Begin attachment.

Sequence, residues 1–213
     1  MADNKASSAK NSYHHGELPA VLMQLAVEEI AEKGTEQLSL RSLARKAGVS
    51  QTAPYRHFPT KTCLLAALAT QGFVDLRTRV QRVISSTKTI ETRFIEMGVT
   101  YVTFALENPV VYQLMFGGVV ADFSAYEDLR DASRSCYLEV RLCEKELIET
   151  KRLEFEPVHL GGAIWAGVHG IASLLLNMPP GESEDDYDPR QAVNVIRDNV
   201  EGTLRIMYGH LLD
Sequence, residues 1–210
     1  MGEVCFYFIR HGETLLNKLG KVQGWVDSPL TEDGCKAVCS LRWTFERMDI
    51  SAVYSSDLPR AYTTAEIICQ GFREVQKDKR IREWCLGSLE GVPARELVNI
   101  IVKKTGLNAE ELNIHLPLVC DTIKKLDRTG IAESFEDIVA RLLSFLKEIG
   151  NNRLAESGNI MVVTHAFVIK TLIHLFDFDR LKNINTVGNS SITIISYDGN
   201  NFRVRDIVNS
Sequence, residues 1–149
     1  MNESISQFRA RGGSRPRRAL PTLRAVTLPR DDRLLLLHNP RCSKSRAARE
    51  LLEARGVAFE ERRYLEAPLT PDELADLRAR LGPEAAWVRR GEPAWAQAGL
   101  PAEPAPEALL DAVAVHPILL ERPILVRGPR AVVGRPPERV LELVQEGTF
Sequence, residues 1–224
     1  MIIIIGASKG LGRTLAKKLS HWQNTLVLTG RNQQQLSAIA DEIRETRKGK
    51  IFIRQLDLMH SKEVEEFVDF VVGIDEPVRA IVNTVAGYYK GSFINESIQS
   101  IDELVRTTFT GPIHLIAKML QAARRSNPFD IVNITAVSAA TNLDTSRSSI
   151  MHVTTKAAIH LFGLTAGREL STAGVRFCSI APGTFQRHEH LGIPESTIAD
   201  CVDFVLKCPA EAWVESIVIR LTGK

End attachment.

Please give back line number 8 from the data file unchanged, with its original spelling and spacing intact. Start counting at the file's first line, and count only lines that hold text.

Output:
     1  MGEVCFYFIR HGETLLNKLG KVQGWVDSPL TEDGCKAVCS LRWTFERMDI